Shapeshifters, werewolves, and sympathetic vampires. I enjoy vampires ONLY if they are completely evil and the hero/heroine kill them and at no point become them/ are them. But at this point in a post Twilight world it takes A LOT for me to even look at a vamp book.

    Time travel books where the heroine time travels and knows NOTHING of the time period and speaks in an over-the-top modern voice or goes over-the-top in forcing modern views on historical side characters.(Although in general I’m a huge time travel fan- it’s usually a go-to storyline)

    I’m only okay with rape if it’s in the backstory and the hero was not the perpetrator. And even then it has to be carefully handled.

    I love a good revenge story but ONLY if they’re Kill Bill style ones and the hero and heroine are not taking their vengeance out on each other but on a third party villain. I especially love it if they team up or he tries to talk her out of living in the past and focus on a future of happiness with him, etc.

    Nascar books: I’m sorry, I’m not southern.

    Sports books in general: meh, just not my cup of tea.

    Civil War Gone With the Wind-esque books: They make me cringe with their super pro-south misunderstanding towards the Civil War and anything it was about. No ambiguity or subtlety. But, also, I just plain can’t stand Gone With the Wind in the first place.

    Anything put out by a religious fiction publisher: I find nothing wrong with religious views held by protagonists, but if they are in the religious fiction section they usually have an agenda. I PARTICULARLY loathe Amish romances. I see nothing romantic in the Amish lifestyle.

    Peers of the Realm paired with daughters of Peers of the Realm: oh, yay, rich powerful people marrying rich powerful people. I fail to see the drama in that. Yawn. I’m honestly always on the prowl for historicals where the characters aren’t aristocracy. Especially hate when the hero is a Duke. Seriously, there aren’t that many Dukes in England!

    Hobbies/passions held by characters that I find boring: particularly stories where the characters garden or raise horses. I can not stand those two subjects in life and I find it boring to read about.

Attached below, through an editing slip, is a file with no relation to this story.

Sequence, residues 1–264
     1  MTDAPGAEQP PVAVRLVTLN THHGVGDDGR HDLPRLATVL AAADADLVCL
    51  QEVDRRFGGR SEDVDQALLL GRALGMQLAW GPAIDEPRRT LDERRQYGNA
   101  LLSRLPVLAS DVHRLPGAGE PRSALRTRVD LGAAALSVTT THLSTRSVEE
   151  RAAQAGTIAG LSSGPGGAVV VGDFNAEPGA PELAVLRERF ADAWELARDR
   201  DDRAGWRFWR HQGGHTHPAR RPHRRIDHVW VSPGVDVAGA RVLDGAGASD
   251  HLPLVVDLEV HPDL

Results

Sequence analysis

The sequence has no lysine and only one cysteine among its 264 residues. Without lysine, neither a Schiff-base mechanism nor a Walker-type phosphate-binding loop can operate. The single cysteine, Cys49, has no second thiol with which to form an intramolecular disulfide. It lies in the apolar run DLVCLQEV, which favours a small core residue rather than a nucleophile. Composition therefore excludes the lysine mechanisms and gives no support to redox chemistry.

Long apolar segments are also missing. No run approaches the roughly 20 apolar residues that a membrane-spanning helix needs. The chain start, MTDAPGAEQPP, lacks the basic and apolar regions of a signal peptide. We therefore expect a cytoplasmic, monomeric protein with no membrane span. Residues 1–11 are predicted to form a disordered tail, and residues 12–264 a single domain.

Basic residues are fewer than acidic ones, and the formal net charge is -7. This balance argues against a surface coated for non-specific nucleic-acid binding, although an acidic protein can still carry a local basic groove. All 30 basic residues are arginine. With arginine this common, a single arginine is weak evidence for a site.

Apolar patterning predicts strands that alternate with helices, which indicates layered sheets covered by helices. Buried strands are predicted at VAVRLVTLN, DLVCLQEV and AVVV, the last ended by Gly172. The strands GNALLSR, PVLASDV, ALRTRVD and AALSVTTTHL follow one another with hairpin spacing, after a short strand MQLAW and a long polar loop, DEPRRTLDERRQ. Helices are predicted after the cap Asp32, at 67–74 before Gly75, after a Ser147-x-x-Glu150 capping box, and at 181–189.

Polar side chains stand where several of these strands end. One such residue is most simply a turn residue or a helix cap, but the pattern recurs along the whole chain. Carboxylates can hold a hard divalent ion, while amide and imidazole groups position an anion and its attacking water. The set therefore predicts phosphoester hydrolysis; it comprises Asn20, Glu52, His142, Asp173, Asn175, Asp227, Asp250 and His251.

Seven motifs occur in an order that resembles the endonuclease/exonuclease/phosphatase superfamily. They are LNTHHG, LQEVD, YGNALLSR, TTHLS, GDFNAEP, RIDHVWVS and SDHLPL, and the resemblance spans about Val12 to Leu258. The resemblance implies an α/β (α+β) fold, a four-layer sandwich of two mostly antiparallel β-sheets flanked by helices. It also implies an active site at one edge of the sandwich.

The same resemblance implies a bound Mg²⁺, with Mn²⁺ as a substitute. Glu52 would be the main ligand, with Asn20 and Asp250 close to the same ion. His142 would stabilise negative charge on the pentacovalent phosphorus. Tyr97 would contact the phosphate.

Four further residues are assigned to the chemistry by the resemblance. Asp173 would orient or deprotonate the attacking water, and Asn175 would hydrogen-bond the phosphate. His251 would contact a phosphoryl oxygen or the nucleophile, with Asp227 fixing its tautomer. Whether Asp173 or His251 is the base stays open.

Wow, it’s a wonder I find anything to read! But I have just as many go-to storylines. And I love any book that takes a cliched storyline on its head.

  102. MaryK
    Sep 08, 2010 @ 01:09:44

    It’s a rare author who can get me to even try an infidelity storyline much less enjoy it. Trust is a big thing for me. And I don’t like same sex romances; I completely don’t get that relationship dynamic.

    There are other plots I read reluctantly/cautiously – time travel, precocious children, matchmaking children, children in peril [ :) ] – but I don’t reject them out-of-hand. Usually. ;)

  103. Lou
    Sep 08, 2010 @ 08:36:49

    Secret Babies are a BIG no no of mine.

    I won’t touch with a barge pole m/f/m stories featuring brothers or cousins. Way too squicky for my taste. And when you add in multiple (and I mean multiple) partners, just…eww.

    Love triangles. I believe that most of the time they are done just to provide forced tension, and not because the heroine is truly tortured and in love with both men. I say this because most of the time, I’ve guessed who ends up with who.

    Forced seduction. On either side. About a few weeks back, I was going to buy a series I liked the look of (a contemporary series) but then I read reviews for the second title, and it stopped me in my tracks. The heroine drugs her ex-husband to steal his sperm for a baby. WTF! That just made me so so angry.

  104. Deb Kinnard
    Sep 08, 2010 @ 11:14:45

    Secret Baby stories. Overdone. Dead & buried, IMO. I just will not buy one if I pick up a book and the back cover copy suggests such a line.

  105. Maria
    Sep 08, 2010 @ 12:14:53

    Is there some storylines I will absolutely not read? Probably, not many though. There are however several I’ll avoid if possible.

    I dislike the whole “reporter looking for a story”, betrayal and subterfuge. Can’t people be honest? Geez.